How are opals formed?

How are opals formed?

Opals are among the most enchanting and unique gemstones in the world, although this may be a personal view. In fact, opals are known for their fascinating colour games. They can display beautiful and incredibly deep colours, from blues and greens to a pure orange and red.

These colour appearances make opals a favourite among collectors like myself, as well as jewellery makers. But how is an opalactually formed? Let's take a closer look at that together.

What are opals?

Let's first talk about what an opal actually is before discussing how they are formed. Opals are hydrated silica, meaning they consist mainly of water and silica (SiO2). This mineral can occur in amorphous but also crystalline form. For opals, the amorphous form where molecules are not arranged in an ordered pattern is important. Indeed, this structure is responsible for the opal's unique light and colour spectacles.

How opals are really formed

The formation of opalsis a process that occurs only under very specific conditions. The process starts when silica-rich water travels through the Earth's crust and enters cracks or between layers of rock. This can happen in different environments, for example: sedimentary rocks and around hot springs.

Step 1: solution and transport

Rainwater absorbs silica from the earth and rocks, creating a kind of gel-like mix. This water then eventually moves through cracks and holes in the ground.

Step 2: gel formation

Once the process and gel are perfunctory, such as when the water starts to evaporate or when something changes with the acidity, silica starts to leak from the mix and forms a kind of thick, gel-like substance. This is ultimately the base of the opal.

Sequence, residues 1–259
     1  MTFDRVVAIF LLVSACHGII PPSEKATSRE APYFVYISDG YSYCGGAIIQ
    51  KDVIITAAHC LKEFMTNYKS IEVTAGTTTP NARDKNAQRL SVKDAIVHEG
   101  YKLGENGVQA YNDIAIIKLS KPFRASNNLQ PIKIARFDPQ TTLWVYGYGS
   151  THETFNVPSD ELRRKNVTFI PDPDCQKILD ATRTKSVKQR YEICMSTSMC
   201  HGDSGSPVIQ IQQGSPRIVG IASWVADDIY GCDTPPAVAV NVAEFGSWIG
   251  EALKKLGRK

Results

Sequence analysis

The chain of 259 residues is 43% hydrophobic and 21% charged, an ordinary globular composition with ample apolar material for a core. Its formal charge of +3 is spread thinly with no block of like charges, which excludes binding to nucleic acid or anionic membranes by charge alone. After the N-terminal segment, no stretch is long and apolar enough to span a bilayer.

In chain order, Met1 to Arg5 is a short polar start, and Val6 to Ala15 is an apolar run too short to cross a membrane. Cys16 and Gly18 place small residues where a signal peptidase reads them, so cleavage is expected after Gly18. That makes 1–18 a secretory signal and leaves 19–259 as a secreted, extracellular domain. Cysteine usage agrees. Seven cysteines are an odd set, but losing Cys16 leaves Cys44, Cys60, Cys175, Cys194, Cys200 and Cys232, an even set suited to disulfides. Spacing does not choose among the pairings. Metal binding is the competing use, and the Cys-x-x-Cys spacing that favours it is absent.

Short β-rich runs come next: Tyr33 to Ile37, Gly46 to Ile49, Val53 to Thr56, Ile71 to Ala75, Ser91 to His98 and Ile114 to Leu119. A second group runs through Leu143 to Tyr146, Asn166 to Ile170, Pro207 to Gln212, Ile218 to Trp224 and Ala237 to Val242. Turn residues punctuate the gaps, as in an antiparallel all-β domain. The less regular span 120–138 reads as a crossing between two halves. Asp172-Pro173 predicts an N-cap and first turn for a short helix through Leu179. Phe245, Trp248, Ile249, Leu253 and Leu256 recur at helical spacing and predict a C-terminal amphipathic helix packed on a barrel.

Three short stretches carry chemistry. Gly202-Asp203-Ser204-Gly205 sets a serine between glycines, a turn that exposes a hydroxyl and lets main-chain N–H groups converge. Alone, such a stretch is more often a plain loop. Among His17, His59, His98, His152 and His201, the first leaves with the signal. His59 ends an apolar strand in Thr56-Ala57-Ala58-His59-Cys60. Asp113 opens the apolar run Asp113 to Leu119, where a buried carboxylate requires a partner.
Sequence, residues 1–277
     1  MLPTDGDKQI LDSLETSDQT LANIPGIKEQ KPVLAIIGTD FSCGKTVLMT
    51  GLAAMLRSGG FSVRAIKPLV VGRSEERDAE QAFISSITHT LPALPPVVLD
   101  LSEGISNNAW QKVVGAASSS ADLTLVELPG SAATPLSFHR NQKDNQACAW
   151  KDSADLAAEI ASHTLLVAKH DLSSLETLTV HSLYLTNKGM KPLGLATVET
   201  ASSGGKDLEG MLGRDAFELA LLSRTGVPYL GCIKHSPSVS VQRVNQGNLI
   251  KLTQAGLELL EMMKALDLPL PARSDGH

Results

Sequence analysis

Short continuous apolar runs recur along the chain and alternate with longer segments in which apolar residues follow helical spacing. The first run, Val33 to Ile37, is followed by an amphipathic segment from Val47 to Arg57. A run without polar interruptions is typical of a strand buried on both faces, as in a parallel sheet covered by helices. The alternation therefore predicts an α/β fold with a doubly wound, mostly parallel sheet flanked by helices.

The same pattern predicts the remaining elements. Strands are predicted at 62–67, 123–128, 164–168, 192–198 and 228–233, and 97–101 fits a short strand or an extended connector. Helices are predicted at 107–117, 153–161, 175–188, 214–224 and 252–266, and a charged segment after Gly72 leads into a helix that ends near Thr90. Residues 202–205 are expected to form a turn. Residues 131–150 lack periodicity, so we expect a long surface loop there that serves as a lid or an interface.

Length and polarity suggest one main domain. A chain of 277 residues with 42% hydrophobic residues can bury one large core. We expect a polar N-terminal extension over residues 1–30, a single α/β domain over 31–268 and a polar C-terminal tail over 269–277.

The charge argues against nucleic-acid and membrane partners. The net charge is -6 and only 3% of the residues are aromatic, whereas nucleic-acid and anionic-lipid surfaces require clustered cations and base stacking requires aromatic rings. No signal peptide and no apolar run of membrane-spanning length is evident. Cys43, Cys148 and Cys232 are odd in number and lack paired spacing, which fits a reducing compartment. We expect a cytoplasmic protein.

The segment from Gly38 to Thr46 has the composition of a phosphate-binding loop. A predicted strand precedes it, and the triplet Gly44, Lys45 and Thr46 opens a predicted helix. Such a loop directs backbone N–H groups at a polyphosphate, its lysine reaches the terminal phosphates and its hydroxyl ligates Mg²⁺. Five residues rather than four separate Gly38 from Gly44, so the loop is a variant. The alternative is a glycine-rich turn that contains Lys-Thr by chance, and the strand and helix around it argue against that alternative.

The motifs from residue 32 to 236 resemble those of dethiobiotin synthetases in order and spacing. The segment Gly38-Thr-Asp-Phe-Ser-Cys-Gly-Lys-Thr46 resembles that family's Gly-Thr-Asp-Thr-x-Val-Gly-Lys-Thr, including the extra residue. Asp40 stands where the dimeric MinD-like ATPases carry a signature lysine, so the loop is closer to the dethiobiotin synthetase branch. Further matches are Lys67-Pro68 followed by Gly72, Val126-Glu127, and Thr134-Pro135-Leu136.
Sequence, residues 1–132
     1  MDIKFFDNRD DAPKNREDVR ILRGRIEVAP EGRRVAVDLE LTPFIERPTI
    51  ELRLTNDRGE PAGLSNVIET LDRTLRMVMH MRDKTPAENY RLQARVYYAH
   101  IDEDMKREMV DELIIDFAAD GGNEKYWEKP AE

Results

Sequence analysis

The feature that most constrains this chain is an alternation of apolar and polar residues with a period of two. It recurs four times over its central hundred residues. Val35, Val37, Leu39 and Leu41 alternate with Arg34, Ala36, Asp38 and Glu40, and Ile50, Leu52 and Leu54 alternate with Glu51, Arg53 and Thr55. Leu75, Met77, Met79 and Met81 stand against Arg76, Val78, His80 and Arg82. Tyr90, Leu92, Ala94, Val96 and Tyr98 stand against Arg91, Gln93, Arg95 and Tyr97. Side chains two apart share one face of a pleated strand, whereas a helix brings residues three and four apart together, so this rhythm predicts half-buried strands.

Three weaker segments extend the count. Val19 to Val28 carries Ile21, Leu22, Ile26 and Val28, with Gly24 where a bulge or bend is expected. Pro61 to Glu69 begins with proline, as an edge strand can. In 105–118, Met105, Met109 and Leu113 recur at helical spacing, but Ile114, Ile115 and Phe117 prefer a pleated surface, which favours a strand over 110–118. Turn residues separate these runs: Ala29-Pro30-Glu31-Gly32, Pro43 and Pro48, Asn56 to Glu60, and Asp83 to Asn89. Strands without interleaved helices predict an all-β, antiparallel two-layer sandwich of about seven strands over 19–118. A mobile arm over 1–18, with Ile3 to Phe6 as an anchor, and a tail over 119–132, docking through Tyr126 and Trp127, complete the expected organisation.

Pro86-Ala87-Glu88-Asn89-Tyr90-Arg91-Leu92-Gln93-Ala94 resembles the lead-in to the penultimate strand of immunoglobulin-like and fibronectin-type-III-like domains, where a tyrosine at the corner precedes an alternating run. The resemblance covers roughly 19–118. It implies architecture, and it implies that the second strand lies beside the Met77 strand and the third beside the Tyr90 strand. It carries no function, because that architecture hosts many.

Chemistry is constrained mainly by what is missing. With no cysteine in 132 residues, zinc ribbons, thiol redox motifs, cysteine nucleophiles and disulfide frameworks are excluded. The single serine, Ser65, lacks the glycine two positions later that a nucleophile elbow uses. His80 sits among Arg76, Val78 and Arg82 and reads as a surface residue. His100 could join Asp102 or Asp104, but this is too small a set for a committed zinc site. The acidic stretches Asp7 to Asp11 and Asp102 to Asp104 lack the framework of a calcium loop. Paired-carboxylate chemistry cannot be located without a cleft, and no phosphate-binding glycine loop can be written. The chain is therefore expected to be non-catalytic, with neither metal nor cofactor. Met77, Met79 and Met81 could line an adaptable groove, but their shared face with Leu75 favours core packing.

Step 3: hardening

This can often take a long time, often millions of years in most cases. The gel or base of the opal slowly loses its water and hardens into an opal. Because this process can vary in speed and, more importantly, conditions, we see diversity in the opal group as we know it today.

Opal species

There are an awful lot of different types of opals There are different types of opals, each with its unique characteristics and formation process. The most well-known types are:

Precious opals

Precious opals are known for their brilliant colours, which are created by light reflecting off incredibly small silica spheres that the opal is made up of. These spheres are all the same size and neatly arranged in a row, creating the beautiful rainbow colours.

Fire piles

Fire opals are in most cases transparent to translucent. The opals vary between the colours yellow, orange and red. These opals contain less water than the precious opal and are most commonly found or perhaps only found in volcanic areas.

Common opals

Plain opals, have little to no diversity of colours and are often white, grey, brown or black. These opals are mostly used as background filler in opal jewellery to enhance the colours of noble opals.

What role does water play?

Water plays an incredibly important role in the formation of opals. Not only is it the main player in transporting the silica, it also helps gel formation afterwards. The amount of water in an opal can range from 3% to 21%, which contributes incredibly to the unique properties of each stone. The water content affects not only the opal's hardness and stability, but also its colours. The higher the percentage of water is, the more likely the opal is to display incredibly vibrant colours. The downside of this is that the stone is also much more susceptible to drying out and cracking.

How do I keep my opals looking good?

It is incredibly important to take good care of your opals. This is because opals need to be well protected from extreme temperatures or temperature fluctuations but also from environments that can lead to dehydration. When you choose to wear opals, the opal can be supplied with moisture by the natural moisture of the skin. In addition, you don't want to introduce your opals to harsh chemicals or cleaning products either. These can affect your opals very negatively.


We at Megalodontand.nllove good research on opals which we in turn can share with you. Well, I must say that this may have been a very extensive research, however, I like to share the passion when it comes to gemstones and minerals with everyone.

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